A unique experience of Jamaica’s music and food
Although my first introduction to the country was from the movie Cool Runnings, I soon discovered the more authentic side of Jamaica. However, a growing love of Caribbean cuisine as well as ska and reggae music was always met with disappointment, as I was resigned to the fact I’d never get to visit.
But after casually browsing travel site, Dealchecker, I managed to find some really cheap holidays to Jamaica. Without hesitation I made a booking, packed my bags, jumped on the plane and experienced what I had always wanted.
Before popular rock steady and reggae artists like Desmond Dekker and Bob Marley gained notoriety across the world, the walking bass lines and upbeat drums of ska dominated Jamaica’s music culture.
As a big fan of Prince Buster and his first recordings at facilities such as Studio One and WIRL Records in Kingston, I was eager to discover more. Although these disappeared a long time ago, a visit to Reggae Xplosion in Ocho Rios is well worth a visit, as it features photographs, wall displays and even a re-creation of a Jamaican recording studio.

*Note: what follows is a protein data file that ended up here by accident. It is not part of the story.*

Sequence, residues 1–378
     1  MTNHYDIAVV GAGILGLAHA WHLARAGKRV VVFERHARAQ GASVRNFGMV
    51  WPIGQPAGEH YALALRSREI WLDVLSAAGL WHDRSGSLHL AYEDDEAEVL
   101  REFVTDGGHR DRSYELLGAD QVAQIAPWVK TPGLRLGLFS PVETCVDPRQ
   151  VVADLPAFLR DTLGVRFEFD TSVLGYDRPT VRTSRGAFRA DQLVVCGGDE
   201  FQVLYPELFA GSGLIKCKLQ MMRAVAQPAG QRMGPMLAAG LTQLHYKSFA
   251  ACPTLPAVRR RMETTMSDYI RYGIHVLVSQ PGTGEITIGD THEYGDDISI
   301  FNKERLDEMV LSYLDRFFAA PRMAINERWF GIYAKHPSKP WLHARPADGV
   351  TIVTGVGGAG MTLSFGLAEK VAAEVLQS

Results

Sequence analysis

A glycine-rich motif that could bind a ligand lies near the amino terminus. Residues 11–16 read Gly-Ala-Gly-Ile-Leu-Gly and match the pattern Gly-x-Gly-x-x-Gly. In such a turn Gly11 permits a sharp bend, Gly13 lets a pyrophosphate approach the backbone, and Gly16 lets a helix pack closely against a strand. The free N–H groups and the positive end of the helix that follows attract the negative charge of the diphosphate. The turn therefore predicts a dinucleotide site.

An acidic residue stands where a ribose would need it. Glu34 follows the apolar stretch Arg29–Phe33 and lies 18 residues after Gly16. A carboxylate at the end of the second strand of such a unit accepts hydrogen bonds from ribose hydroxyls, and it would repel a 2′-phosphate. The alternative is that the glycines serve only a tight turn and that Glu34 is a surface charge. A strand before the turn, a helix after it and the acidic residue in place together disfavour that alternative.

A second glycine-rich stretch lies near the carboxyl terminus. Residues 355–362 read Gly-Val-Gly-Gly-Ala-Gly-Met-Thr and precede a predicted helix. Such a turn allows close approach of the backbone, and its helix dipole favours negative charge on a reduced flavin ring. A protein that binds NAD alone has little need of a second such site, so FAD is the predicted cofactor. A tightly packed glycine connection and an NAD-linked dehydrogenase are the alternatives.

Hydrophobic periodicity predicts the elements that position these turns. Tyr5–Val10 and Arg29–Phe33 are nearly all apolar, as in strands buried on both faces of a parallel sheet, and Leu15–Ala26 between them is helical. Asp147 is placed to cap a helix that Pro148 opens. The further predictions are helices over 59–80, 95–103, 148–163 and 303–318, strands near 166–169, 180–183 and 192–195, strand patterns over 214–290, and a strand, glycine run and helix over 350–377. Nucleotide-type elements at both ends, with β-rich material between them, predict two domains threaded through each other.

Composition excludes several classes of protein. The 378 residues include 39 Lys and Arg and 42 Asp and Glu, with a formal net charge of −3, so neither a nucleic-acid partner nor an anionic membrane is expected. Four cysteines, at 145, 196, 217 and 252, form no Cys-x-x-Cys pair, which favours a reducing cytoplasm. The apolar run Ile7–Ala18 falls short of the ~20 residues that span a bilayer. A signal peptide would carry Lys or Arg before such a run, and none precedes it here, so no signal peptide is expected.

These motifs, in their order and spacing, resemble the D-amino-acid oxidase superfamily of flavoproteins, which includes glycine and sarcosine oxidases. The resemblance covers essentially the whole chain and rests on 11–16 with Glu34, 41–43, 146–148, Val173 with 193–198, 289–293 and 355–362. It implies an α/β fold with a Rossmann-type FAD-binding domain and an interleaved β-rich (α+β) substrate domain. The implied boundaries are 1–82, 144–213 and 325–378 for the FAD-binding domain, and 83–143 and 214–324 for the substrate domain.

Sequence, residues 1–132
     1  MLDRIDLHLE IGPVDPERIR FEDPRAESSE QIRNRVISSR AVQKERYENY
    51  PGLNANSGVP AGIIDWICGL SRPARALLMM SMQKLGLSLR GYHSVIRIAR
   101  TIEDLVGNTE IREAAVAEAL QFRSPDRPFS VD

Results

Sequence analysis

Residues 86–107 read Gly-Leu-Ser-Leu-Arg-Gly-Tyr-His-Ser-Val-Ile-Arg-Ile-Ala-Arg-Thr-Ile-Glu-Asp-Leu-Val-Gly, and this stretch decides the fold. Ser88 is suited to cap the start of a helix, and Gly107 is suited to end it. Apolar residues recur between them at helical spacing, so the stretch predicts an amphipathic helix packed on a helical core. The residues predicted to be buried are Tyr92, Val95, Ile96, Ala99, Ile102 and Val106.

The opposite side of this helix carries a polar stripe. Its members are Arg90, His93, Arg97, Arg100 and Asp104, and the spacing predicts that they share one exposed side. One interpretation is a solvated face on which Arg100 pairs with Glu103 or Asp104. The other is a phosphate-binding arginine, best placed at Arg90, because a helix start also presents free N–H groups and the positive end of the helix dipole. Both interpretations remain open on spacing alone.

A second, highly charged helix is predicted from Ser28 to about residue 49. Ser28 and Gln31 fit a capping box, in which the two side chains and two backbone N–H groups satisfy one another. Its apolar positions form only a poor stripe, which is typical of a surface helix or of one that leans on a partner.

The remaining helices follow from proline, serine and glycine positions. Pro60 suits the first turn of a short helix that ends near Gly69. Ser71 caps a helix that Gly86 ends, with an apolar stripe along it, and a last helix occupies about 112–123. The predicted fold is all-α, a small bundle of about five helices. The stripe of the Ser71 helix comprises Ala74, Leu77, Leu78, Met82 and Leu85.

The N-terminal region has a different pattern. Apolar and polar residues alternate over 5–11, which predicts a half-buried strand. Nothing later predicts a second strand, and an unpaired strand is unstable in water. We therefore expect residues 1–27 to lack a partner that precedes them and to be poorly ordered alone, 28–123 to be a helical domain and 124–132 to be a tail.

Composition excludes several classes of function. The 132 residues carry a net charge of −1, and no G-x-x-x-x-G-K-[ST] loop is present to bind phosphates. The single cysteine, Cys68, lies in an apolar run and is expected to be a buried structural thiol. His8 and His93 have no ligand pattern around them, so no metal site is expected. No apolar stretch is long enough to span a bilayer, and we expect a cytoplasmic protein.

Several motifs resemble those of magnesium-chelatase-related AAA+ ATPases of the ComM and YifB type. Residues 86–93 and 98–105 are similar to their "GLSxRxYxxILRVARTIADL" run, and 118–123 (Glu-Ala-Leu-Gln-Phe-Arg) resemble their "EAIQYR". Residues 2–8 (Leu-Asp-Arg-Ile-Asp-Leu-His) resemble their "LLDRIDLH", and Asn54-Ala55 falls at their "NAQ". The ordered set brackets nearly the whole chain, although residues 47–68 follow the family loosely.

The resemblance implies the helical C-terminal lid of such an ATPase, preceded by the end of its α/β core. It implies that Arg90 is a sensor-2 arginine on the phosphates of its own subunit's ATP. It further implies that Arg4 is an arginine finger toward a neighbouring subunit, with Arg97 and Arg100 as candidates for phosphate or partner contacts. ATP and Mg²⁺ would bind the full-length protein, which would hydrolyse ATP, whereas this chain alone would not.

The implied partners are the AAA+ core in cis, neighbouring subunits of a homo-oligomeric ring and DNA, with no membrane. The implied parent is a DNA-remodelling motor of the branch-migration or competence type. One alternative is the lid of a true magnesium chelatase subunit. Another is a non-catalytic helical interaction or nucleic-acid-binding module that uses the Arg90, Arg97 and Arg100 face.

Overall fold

In the nation’s capital, the Bob Marley Museum is another great insight into Jamaica’s affection for music and one of the country’s best-loved sons.
In addition to the well-known jerk spice dishes, rice and peas, and fried plantain, other popular meals include curried goat, fried dumplings and the national dish of ackee and salt fish. With so many fresh ingredients and distinctive flavours on offer, I was spoilt for choice.
However, my favourite places to eat included the Blue Mountain Inn, located in an 18th century coffee plantation and Ocho Rios Village Jerk Centre, a genuine and mouth-watering taste of Jamaica. You may also want to check out Sugar Mill in Montego Bay, but it’s a good idea to call ahead for all of the above eateries.
For a quick bite to eat, you can be guaranteed to find delicious patties and pastries throughout the island. These local specialities did not disappoint!